Carl MacDougall’s recent BBC 2 series, Writing Scotland, swept a magisterial yet kindly eye over the history of Scottish literature. It was an intelligently economical programme, deftly simplifying complexity to make a highly watchable, informative series that until recently would not have got past the preliminary round of producers’ offers. Ignoring the girning background of breastbeating as the nation’s intellectuals bewail its cultural meltdown, its paranoic sense of dumbing-down, MacDougall let loose an elegant quiver of literary arrows that illuminated not only the wealth and fascination in Scotland’s literary past but, perhaps as vividly, its current state of vigour and confidence.
Indeed, it was impossible to view this evocation of past writers without sensing the looming presence of today’s literary clan. It is fashionable now to consider Scottish fiction one of the most vibrant cultural arenas in Europe, but from the first episode of Writing Scotland the calibre of past masters cast a faint pall over the glory that is heaped somewhat indiscriminately on current writers, our novelists in particular.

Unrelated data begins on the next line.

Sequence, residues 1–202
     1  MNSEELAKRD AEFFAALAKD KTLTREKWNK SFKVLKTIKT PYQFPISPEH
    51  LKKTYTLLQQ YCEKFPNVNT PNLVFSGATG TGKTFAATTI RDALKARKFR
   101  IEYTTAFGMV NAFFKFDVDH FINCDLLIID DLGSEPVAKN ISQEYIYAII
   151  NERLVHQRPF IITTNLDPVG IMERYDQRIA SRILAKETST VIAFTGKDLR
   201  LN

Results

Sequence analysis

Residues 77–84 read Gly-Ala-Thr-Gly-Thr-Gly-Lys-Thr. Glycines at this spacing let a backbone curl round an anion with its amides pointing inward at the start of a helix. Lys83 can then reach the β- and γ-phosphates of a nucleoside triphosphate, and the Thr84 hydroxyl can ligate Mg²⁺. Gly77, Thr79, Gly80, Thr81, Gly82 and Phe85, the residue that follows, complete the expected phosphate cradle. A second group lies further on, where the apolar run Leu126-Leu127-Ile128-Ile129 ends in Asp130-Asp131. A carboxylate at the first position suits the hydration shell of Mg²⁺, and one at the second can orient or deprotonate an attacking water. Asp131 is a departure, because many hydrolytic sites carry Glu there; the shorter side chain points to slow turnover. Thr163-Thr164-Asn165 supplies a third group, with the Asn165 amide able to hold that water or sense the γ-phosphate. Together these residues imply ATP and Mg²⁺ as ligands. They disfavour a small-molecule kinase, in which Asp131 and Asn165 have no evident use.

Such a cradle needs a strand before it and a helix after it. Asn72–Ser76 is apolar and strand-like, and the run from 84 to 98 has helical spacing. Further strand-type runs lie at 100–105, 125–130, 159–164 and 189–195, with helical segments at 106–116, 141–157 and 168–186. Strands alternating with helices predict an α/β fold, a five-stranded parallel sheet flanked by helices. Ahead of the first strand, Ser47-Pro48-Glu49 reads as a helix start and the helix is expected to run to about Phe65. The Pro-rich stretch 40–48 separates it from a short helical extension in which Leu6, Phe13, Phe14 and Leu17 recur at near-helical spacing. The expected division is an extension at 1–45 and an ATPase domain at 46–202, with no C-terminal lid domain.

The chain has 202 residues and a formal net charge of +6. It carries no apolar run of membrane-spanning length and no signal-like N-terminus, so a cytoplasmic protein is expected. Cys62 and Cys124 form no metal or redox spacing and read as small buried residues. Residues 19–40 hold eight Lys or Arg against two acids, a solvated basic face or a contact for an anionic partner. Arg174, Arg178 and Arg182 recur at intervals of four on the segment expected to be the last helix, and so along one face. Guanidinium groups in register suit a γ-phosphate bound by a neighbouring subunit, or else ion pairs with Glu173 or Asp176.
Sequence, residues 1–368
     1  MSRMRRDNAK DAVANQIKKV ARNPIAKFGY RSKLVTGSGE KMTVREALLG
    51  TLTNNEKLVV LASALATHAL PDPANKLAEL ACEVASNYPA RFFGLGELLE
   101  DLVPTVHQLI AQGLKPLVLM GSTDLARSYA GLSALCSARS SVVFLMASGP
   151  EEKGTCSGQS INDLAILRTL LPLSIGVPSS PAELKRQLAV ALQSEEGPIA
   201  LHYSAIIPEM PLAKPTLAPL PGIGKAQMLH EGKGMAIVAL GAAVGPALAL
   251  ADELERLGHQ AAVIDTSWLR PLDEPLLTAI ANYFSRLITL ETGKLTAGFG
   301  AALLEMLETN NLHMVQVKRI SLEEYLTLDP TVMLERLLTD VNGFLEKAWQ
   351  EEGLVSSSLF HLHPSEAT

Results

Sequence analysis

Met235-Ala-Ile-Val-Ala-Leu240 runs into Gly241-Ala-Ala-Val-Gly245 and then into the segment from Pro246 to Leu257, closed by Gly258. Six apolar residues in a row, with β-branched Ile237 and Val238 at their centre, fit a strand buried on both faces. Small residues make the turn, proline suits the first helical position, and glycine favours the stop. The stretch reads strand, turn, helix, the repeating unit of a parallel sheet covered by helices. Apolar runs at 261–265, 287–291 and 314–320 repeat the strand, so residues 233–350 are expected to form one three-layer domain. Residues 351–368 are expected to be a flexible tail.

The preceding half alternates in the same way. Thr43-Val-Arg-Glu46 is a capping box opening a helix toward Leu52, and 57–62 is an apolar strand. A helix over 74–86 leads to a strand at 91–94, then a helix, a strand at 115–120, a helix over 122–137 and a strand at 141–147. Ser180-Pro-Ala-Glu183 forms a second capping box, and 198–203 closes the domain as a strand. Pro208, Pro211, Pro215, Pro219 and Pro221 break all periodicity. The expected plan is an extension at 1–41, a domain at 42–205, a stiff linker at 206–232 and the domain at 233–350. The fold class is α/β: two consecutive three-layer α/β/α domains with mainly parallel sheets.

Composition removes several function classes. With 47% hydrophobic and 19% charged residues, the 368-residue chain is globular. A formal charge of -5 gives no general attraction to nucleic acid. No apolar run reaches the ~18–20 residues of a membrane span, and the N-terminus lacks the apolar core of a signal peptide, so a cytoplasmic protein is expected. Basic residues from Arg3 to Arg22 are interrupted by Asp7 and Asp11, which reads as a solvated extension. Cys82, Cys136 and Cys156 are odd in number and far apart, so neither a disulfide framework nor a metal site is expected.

In that first episode, Sorley MacLean, Norman MacCaig and Hugh MacDiarmid lit up the screen, by turns harsh, thoughtful, self-absorbed: men whose writing not only made a spiritual connection with their own times, and those of an earlier Scotland, but hooked into the future too, where their words remain as barb, guide and counterpoint. Watching these archive recordings, it was hard not to ask who among modern Scotland’s novelists has attained anything approaching their standard.
MacDougall’s commentary was augmented by a raft of contemporary writers who had been invited to contribute their thoughts. Throughout every episode they appeared in such numbers it was as if someone had picked up a list of those who’ve ever received a Scottish Arts Council grant, maybe even just a Christmas card, and called them all in for a chat. Liz Lochhead, William McIlvanney, Jackie Kay, Andrew O’Hagan, James Robertson, Edwin Morgan, Anne Donovan, Chris Dolan, Ali Smith, and many, many others sat in judgement on their predecessors, showing acute awareness of the patterns of fiction that have shaped the fictional landscape, and of their own links to these patterns.